Monday, September 3, 2007

Letting Your Image Take Off

The opening image for this column was inspired by something that I try to do all the time in real life, with my photography and in the digital darkroom: have fun! The image looks as though my son and I are soaring at top speed high above beautiful blue water in a colorful biplane. It's one of my favorites, which I created after a family trip to the Florida Keys, and it captures the speed, fun, excitement and togetherness of our experience.

By Rick Sammon Published in Quick Fix
Quick Fix: Letting Your Image Take Off The opening image for this column was inspired by something that I try to do all the time in real life, with my photography and in the digital darkroom: have fun! The image looks as though my son and I are soaring at top speed high above beautiful blue water in a colorful biplane. It's one of my favorites, which I created after a family trip to the Florida Keys, and it captures the speed, fun, excitement and togetherness of our experience.

STEP ONE The image was created in Adobe Photoshop Elements (but you can use the same techniques in Adobe Photoshop). I combined two shots, one of the ocean, which I took during our flight, and one of my son and I in the passenger seat before takeoff, taken with a point-and-shoot camera by the plane's pilot. Not only did the picture of my son and I not capture the fun of the flight, but we were too dark, a result of the lighter tarmac "fooling" the camera's meter into underexposing us. That was easy to fix.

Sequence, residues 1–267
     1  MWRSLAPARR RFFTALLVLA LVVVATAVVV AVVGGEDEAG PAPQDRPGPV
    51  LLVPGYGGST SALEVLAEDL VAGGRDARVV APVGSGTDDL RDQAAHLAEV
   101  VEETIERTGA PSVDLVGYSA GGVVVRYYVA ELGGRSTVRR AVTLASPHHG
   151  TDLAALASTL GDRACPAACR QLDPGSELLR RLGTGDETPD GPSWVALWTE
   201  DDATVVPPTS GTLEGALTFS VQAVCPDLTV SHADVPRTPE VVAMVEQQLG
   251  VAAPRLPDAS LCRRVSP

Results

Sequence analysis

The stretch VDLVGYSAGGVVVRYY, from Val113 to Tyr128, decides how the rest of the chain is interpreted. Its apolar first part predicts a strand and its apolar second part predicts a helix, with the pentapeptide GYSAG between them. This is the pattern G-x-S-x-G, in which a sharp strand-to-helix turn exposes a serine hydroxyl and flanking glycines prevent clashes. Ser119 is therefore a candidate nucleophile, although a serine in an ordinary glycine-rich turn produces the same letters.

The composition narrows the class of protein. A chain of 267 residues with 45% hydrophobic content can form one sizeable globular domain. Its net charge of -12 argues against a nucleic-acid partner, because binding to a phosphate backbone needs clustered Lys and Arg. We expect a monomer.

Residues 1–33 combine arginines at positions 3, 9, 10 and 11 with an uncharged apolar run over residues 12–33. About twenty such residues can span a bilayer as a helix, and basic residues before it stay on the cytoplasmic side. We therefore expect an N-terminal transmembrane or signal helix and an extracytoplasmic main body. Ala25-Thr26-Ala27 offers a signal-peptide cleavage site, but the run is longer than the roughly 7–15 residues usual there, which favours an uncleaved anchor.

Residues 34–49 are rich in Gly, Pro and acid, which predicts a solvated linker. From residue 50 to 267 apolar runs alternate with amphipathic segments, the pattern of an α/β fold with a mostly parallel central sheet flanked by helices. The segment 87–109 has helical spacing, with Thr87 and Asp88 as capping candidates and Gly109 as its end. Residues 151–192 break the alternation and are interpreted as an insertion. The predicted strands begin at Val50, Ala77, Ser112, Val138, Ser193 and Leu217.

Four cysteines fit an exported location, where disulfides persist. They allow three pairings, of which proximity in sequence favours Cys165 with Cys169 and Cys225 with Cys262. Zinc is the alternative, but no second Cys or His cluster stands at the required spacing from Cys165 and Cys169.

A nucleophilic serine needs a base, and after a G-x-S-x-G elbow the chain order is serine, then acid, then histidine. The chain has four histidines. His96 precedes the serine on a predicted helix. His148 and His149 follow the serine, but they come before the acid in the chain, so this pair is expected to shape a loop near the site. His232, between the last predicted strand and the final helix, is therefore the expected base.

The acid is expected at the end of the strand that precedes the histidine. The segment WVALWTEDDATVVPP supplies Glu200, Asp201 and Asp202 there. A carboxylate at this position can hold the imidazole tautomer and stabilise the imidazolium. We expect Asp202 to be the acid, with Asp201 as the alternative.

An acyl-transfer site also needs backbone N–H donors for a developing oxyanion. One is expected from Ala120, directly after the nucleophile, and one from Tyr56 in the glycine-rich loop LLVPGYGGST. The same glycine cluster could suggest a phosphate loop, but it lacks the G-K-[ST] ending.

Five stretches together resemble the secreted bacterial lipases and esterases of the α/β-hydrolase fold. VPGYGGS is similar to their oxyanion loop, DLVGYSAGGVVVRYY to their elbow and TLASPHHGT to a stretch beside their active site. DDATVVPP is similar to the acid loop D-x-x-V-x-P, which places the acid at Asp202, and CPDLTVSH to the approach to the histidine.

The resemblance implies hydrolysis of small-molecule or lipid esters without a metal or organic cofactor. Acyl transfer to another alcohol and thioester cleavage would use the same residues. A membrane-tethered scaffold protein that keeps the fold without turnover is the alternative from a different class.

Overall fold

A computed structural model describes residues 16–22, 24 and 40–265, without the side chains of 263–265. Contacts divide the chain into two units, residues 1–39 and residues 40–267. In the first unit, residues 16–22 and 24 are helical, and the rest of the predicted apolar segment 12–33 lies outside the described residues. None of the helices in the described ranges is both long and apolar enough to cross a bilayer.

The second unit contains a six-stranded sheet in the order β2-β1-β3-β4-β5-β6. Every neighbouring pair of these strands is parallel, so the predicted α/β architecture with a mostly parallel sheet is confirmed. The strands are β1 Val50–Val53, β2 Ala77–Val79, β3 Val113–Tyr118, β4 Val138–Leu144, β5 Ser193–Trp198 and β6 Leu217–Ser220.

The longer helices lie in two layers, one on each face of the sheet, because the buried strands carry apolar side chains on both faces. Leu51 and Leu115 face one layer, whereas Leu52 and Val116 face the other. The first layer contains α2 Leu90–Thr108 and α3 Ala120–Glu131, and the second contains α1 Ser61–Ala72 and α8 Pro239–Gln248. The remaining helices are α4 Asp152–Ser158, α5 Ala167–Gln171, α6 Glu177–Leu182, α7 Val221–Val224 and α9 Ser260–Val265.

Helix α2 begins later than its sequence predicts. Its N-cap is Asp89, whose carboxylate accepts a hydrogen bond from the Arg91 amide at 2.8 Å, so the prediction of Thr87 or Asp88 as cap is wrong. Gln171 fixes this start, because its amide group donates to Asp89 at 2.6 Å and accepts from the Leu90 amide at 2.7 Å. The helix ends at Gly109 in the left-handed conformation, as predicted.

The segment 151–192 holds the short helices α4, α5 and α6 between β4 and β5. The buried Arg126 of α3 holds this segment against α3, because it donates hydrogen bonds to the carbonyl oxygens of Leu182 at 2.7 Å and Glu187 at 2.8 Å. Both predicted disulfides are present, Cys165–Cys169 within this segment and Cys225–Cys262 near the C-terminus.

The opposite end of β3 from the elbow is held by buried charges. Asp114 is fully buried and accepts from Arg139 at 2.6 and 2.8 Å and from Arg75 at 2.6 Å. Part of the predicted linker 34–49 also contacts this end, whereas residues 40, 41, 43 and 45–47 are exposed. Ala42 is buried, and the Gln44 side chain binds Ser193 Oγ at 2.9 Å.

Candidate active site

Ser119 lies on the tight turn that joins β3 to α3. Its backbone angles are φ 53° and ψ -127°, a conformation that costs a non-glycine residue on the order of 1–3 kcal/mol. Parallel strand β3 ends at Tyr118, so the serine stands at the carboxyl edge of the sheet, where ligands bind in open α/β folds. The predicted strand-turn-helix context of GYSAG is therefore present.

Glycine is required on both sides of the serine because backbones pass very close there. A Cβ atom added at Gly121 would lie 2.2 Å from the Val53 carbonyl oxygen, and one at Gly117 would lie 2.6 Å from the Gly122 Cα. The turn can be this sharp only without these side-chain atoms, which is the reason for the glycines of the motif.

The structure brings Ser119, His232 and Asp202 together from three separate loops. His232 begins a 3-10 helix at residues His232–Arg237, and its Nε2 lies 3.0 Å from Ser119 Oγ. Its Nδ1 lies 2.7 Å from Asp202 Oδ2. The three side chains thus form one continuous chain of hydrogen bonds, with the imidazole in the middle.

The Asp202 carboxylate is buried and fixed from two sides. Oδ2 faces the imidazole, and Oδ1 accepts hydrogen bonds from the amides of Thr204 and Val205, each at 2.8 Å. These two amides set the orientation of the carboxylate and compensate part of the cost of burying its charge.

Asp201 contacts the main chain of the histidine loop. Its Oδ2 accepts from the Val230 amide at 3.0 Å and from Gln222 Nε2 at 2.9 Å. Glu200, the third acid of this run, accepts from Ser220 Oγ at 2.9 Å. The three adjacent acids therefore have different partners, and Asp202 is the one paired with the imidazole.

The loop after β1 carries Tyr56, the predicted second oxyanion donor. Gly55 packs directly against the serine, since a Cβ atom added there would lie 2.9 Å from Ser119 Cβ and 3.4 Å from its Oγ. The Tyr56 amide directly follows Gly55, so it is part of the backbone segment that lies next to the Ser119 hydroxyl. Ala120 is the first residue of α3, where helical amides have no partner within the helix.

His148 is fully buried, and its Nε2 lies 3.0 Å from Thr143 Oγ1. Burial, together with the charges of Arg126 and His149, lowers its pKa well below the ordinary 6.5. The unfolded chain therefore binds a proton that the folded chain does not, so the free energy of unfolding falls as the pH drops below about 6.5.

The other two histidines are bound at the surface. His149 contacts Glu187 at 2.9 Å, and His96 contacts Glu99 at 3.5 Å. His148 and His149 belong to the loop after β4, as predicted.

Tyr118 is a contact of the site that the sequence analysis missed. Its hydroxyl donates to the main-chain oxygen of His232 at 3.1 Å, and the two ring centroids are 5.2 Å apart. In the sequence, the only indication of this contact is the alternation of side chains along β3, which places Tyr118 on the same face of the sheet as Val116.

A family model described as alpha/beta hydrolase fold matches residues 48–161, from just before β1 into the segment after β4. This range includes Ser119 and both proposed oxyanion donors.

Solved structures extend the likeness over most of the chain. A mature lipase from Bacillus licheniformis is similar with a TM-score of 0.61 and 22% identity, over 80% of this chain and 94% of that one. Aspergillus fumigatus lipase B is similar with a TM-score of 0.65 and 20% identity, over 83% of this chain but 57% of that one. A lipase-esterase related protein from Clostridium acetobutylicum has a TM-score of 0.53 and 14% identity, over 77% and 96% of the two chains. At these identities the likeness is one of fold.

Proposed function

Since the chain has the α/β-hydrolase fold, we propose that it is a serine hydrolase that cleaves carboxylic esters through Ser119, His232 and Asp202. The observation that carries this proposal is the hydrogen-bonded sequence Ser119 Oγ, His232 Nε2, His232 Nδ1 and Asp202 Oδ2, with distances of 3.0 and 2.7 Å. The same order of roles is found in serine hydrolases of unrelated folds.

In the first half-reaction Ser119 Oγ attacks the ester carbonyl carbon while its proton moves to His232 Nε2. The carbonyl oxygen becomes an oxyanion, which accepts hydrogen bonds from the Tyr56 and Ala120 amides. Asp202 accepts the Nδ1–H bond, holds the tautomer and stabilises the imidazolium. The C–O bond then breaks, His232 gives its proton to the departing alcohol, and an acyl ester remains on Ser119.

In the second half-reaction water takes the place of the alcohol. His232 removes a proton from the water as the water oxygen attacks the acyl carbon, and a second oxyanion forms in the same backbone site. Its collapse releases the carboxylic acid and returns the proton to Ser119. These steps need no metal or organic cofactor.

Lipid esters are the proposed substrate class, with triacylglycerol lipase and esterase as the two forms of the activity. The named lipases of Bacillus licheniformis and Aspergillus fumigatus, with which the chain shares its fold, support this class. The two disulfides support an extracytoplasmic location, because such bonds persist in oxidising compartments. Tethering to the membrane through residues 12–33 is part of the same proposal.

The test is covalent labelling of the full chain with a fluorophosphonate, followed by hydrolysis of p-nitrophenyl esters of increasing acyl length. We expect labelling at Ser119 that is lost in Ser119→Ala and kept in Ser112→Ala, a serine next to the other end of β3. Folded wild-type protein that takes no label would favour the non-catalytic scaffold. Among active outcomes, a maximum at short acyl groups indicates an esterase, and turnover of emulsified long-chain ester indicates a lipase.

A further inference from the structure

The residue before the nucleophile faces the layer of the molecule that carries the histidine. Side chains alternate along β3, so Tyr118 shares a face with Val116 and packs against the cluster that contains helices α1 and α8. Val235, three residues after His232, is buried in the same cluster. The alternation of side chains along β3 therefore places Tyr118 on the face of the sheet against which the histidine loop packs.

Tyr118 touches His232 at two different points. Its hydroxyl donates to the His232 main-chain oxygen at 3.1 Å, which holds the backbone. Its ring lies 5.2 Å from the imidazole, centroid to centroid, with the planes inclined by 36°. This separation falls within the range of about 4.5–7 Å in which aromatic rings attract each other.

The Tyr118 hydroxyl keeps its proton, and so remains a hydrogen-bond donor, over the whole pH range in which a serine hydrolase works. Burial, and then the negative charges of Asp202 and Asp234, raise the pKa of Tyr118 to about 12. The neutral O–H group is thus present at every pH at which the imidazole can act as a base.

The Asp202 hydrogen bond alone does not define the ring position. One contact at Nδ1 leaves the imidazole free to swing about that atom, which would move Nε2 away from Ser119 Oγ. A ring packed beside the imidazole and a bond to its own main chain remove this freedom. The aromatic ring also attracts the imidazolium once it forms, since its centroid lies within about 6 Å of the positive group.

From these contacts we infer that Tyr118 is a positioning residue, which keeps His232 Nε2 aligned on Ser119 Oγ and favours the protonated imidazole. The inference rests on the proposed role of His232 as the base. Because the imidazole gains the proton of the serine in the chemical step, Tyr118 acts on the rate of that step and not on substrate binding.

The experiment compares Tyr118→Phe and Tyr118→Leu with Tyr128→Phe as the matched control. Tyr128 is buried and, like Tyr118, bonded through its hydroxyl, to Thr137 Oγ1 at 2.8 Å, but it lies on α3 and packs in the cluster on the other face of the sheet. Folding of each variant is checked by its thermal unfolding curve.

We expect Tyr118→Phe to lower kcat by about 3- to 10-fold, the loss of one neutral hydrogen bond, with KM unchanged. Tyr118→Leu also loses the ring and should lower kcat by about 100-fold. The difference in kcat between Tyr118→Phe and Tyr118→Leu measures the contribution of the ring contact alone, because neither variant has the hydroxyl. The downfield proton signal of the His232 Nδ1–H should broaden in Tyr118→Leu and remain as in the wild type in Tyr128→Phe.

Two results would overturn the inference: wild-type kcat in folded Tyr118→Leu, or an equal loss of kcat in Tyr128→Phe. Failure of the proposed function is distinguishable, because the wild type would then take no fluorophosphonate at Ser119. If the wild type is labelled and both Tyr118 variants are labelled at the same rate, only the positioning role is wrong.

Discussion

Quick Fix: Letting Your Image Take Off
Quick Fix: Letting Your Image Take Off
Quick Fix: Letting Your Image Take Off


Quick Fix: Letting Your Image Take OffSTEP TWO I went to Enhance Lighting > Shadows/Highlights and opened up the shadow areas of the scene, namely, our faces. Shadows/Highlights is a cool control, letting you control the shadows and highlights of an image independently.



Quick Fix: Letting Your Image Take OffSTEP THREE Here you see the result of that first quick fix.






Quick Fix: Letting Your Image Take OffSTEP FOUR Next, I needed to replace the tarmac with the water. That, too, was easy. I opened both images on my monitor and placed the picture of us over the image of the water, creating a two-layer file. Using the Magic Eraser tool on the toolbar, which erases by color, I started clicking on the tarmac.

When using the Magic Eraser tool, you need to access the Elements Options menu to control the Tolerance. I had it set to 32, which let me erase just the right amount of the tarmac without erasing any part of the plane or boats in the background (which have different colors).

Quick Fix: Letting Your Image Take Off Set the Tolerance too low, and not enough of the color area will be erased, causing you to click more times than necessary in an area. Set it too high, and too much of the color will be erased.





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